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six . . . . . Don’t Ask, Don’t Tell Our experience in Vancouver changed us. The suspicion, stigma, and shame that we’d encountered confirmed Kathy’s desire to differentiate herself from “fangirls.” She never wanted to be looked at that way again. Even Lynn’s fannish enthusiasm was dampened. By the time we arrived at the first Creation convention featuring Supernatural in Chicago in November 2007, however, the sting of Vancouver had worn off a bit. Our friends Lana and Kate joined us in Chicago, and we had a girls’ weekend planned. Lana had put aside her resentment at being left out in Fort Worth, or at least was trying to, and Kate had come along partly out of a fondness for Supernatural and partly just to spend some time together. The four of us had been friends for years, sometimes sharing fandoms and sometimes not. Chicago was a chance to renew our friendship. Easier said than done. Our original plans to squeeze some Chicago sightseeing in between guest appearances proved misguided on two counts: we weren’t actually in Chicago (unless a distant and inconvenient suburb counts) and there is never any time between guests. One short foray into the city left us $75 poorer (cab fare from nowhere to somewhere is never cheap) and considerably grumpier than when we started. We weren’t having fun yet. Back at the hotel, we indulged in several “purple nurples,” a drink referenced in the Supernatural episode “Hell House.” The bar was serving them all weekend in conjunction with the convention. We had no idea what was in them, but it didn’t matter. They were purple, alcoholic, and went a long way toward (temporarily) diffusing some of the tension—until we ditched our friends to go interview Creation co-owner Adam Malin. Adam and his partner Gary Berman have been in the business of putting 96 chapter six on conventions since they were kids. Adam’s first experience of a convention changed his life in much the same way that finding an online community of fellow fans had changed ours. “It was an unbelievable revelation to me,” he told us. “I felt so empowered.” Beyond the similarity of our shared response to finding fandom, we were also interested in how Adam and Gary got started in the business. Adam said: We’ve always been fairly fearless about things. We’re not really afraid to talk to people. We would go down to the corner drugstore, to the pay phone that was outside, and we would just call up whoever . . . We didn’t know the meaning of fear. We were kids who would travel into Manhattan from Long Island to seek out comic books in the backs of what were essentially pornography shops. These were peep show shops in the 1960s. We had to walk through these guys standing at these old machines and in the back of these places were rooms with comics that we would prospect. Given our own fears and hesitations about the project we were undertaking , this functioned as a timely bit of advice. Be fearless! Okay, we could do that. Maybe. Lana and Kate wandered by several times as we sat with Adam in the closed hotel bar, casting pointed glances in our direction. We didn’t look back—or offer to make introductions. By the time we finished the interview , Kate and Lana were hungry, envious, and just plain pissed off. With good reason. We were not only ignoring our friends in favor of interviewing the con organizer but also stepping on Lana’s toes in a big way. Creation, after all, was Lana’s thing. We had never been to a Creation convention (unless you count Lynn and her husband taking their far-too-young children to an early Star Trek con). Lana, in contrast, was a Creation con veteran. It was Lana who shepherded us through the stressful process of stalking the online website in order to get the best seats the moment tickets went on sale. It was Lana who reminded us to buy photo ops with the boys early, before they sold out. She warned us about the endlessly long lines and the necessity of taking time out for things like food and sleep, even when your fangirl priorities are leaning more toward just staring at your favorite actors. Lana had been to so many Creation cons that the volunteers and the con photographer knew her; at her last con, when she...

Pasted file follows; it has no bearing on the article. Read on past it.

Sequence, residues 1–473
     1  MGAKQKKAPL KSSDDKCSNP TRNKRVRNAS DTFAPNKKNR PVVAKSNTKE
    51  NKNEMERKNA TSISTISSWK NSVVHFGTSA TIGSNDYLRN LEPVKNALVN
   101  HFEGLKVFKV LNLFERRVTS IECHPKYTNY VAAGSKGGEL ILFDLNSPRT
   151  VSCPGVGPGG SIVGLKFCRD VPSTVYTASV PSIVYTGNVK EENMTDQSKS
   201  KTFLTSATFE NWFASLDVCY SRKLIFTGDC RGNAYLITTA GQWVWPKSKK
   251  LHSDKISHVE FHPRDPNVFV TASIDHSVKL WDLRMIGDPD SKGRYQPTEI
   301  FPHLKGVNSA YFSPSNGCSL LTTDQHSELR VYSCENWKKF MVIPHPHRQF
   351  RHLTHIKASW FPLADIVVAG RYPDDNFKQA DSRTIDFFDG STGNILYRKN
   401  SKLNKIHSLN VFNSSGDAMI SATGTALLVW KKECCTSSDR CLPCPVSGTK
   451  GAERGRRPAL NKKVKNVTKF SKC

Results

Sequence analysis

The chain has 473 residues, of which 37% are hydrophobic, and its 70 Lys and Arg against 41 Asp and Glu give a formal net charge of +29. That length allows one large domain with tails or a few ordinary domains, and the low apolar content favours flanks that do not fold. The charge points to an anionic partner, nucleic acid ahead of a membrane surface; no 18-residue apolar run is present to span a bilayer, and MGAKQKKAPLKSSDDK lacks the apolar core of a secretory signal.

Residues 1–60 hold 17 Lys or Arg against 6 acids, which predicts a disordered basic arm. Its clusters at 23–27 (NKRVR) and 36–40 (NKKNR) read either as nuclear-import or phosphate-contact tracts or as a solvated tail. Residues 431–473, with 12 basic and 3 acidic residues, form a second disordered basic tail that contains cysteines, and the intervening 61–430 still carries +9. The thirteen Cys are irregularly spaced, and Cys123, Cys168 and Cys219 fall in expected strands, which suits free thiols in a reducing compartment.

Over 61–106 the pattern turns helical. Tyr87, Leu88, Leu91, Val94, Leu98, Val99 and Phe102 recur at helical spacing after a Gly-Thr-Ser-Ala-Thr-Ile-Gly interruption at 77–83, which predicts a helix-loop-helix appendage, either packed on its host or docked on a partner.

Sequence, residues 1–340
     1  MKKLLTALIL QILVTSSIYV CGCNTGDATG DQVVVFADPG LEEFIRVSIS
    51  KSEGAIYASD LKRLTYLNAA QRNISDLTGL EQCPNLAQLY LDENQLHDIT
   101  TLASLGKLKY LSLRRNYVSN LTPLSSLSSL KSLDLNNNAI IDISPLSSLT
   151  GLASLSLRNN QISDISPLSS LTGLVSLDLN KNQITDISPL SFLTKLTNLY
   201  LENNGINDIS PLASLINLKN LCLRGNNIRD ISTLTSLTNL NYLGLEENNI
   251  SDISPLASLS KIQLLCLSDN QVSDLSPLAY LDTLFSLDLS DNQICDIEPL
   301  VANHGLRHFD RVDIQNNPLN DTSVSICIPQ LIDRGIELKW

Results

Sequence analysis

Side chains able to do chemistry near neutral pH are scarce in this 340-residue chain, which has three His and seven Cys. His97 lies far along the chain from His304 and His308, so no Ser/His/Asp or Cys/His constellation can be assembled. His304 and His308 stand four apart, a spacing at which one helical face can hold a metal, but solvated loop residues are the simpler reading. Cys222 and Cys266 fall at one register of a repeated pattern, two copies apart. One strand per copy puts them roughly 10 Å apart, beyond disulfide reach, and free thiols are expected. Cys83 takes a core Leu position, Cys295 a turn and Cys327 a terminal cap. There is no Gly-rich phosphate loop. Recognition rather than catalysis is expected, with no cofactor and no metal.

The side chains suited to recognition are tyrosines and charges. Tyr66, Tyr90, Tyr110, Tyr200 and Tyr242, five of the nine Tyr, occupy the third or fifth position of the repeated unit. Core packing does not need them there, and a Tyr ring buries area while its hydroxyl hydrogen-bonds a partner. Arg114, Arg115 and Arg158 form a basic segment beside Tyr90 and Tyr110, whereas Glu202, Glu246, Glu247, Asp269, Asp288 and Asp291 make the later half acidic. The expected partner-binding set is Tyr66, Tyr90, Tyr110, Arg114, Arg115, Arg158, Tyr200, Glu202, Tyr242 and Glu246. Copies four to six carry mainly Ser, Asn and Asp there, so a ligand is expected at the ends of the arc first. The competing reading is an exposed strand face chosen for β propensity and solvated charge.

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Additional Information

ISBN
9781609382155
Print ISBN
9781609381981
MARC Record
OCLC
858282594
Pages
265
Launched on MUSE
2013-10-21
Language
English
Open Access
N
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